Joe Houck, |
Don't expect anything new from Dream. Every thought, sound and style on every song has already been done by someone else, usually done much better. But if you plant your tongue firmly in your cheek, you can enjoy Joe Houck's new CD.
Dream is hokey, but surprisingly addictive and firmly on the guilty pleasures spectrum in terms of quality, like Xena or those late-night Christmas romance movies on Lifetime. But once you surrender to the banal lyrics and avalanche of stereotypes, the album is a good time. Houck opens with a progression through the love life cycle: divorce on "A Man Can Tell," on the sex prowl on "Sugar Cane" and regretting the left-behind childhood sweetheart on "Just a Twinge of Regret." He tells us about the death of his daddy, his love for the prairie and how to love again (literally, as that's the title of a track) when your lady does you wrong. He doesn't talk about his truck, though: that's the only typical country topic missing.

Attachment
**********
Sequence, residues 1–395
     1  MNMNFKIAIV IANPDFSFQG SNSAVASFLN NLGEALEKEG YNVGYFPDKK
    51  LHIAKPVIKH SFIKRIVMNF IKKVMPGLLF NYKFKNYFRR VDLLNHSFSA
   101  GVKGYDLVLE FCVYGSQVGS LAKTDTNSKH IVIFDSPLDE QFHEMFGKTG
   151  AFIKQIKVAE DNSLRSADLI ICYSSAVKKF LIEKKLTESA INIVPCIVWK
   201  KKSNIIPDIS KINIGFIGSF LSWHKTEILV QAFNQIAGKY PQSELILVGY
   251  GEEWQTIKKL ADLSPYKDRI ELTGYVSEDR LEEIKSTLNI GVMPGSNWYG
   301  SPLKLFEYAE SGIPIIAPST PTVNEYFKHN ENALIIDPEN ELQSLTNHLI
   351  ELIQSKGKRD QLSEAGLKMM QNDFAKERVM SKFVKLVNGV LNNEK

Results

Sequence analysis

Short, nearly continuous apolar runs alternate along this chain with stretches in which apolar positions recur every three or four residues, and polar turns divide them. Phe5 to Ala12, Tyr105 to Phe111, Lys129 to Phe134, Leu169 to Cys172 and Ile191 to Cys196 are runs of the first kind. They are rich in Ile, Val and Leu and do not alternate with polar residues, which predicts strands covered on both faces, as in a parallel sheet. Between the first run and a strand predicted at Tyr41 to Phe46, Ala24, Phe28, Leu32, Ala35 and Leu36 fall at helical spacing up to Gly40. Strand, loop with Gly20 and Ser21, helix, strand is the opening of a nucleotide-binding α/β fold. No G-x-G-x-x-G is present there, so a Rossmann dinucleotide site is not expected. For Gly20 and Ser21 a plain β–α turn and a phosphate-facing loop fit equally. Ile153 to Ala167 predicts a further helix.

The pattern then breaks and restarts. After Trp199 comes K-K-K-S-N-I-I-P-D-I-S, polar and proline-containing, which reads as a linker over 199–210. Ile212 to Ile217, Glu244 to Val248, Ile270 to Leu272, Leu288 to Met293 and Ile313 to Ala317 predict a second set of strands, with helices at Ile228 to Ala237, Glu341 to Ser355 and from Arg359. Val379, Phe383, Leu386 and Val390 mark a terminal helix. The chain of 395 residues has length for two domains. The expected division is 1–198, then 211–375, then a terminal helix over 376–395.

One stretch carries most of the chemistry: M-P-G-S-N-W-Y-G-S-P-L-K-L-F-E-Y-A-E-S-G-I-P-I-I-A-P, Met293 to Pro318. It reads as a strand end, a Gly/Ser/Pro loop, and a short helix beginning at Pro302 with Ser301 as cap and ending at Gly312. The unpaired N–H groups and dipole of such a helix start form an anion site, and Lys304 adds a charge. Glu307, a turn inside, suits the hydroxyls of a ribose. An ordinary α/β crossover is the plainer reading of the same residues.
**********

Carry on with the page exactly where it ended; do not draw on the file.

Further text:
All snarkiness aside, Dream really is fun. Houck's plaintive voice sucks you in. You will actually find yourself tearing up a little when his wife drops her wedding band in his palm, or when he sits outside the turning to Highway 5 where his high school girlfriend once lived. You'll even find yourself, to your great surprise, listening the whole way through. Just be sure to have a bottle of Wild Turkey nearby in order to drown your sorrows when you're done.